- US Navy launched its largest destroyer ever for its maiden voyage on Monday
- The USS Zumwalt is built to a staggering $4.4-B cost, and is the most modern ship in the fleet
- The ship is named after a decorated Navy officer who died in 2000
The largest destroyer ever built for the United States Navy has set out for the first time on Monday, December 7, for its trial to undergo sea trials at the Atlantic Ocean.
The behemoth vessel that is USS Zumwalt was launched from shipbuilder Bath Iron Works in Maine before drifting along the Kennebec River on Monday morning towards the Atlantic.
The 610-foot long, 15,000-ton gigantic and futuristic vessel was built to the tune of $4.4-billion. It is 100-feet longer and 20-feet wider than the average USN destroyers currently in its fleet, and is equipped with state-of-the-art technology and weaponry.
In fact, its technology is so advanced that it registers in radar as no bigger than the size of a small fishing boat.
Kelley Campana, a Bath Iron Works employee and one of the more than 200 people who got to witness the launching of the USS Zumwalt, told The Tampa Bay Times she had goose bumps and was nearly in tears after seeing the ship set out for the sea.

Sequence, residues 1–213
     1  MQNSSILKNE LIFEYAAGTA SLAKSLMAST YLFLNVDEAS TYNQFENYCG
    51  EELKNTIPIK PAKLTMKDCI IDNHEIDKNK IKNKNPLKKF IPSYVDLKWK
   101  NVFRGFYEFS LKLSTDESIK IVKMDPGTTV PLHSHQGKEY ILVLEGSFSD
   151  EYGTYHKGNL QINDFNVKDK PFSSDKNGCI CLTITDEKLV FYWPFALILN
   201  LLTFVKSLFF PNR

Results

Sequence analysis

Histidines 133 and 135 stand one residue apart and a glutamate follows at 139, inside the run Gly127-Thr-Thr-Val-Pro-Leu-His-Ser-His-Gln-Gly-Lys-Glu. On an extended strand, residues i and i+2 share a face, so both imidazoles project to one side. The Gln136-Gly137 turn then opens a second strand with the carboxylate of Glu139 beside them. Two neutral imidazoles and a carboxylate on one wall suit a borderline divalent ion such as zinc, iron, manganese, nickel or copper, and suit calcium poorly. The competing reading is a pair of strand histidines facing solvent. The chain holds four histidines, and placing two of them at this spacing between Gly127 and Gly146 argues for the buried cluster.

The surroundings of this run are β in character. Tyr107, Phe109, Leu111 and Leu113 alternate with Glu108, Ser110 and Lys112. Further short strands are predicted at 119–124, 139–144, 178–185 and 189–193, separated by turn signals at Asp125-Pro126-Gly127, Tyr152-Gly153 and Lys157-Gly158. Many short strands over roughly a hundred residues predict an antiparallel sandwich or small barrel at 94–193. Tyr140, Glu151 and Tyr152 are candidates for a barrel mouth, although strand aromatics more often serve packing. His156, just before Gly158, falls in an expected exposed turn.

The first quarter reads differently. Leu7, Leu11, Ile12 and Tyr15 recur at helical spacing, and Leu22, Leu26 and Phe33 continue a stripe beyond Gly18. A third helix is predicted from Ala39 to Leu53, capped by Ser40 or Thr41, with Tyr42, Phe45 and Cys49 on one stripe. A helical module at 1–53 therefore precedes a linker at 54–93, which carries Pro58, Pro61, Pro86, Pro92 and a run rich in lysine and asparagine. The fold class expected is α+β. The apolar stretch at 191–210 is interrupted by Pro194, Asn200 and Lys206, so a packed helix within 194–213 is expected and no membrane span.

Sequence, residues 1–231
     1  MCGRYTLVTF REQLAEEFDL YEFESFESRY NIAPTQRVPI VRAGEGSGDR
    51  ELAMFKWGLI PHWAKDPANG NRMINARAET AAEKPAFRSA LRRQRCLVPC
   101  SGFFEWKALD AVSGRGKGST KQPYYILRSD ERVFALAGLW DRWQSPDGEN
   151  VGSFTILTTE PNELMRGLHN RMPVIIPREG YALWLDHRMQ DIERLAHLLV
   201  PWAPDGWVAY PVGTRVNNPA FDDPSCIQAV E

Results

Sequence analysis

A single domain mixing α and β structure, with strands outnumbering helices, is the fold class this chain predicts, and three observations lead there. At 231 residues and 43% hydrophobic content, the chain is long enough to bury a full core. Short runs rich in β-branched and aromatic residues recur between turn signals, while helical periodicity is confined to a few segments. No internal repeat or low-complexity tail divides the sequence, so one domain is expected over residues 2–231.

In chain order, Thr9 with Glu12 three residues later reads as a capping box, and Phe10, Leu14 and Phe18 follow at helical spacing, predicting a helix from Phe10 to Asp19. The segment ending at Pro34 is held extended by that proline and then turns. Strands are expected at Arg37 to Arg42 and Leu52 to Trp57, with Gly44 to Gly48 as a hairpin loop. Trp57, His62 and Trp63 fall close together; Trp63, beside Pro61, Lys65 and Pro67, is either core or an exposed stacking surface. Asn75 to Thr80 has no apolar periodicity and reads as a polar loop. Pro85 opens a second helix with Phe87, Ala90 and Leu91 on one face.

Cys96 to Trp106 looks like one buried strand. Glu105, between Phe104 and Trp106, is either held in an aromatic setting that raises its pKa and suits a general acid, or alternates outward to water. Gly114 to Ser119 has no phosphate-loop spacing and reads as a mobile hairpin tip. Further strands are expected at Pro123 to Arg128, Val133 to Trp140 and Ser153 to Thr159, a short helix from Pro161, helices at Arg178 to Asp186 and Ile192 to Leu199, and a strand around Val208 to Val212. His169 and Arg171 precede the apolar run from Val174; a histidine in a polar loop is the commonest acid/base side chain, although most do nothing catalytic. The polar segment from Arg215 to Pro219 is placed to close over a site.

“This is pretty exciting. It’s a great day to be a shipbuilder and to be an American. It’s the first in its class. There’s never been anything like it. It looks like the future,” Campana said.
The ship’s skipper, Navy Captain James Kirk, meanwhile said he was “fired up” to see the herculean vessel finally head for its maiden voyage
“For the crew and all those involved in designing, building, and readying this fantastic ship, this is a huge milestone,” Capt. Kirk said in address before the ship departed.
The stealth destroyer started production back in 2009. It is equipped with a computer-guided missile system capable of hitting targets up to 63 miles away, and may eventually be built with a laser weapon or electromagnetic rail gun; before joining the Navy sometime next year.
The ship is named after Admiral Elmo Zumwalt; a decorated Navy officer who died in 2000.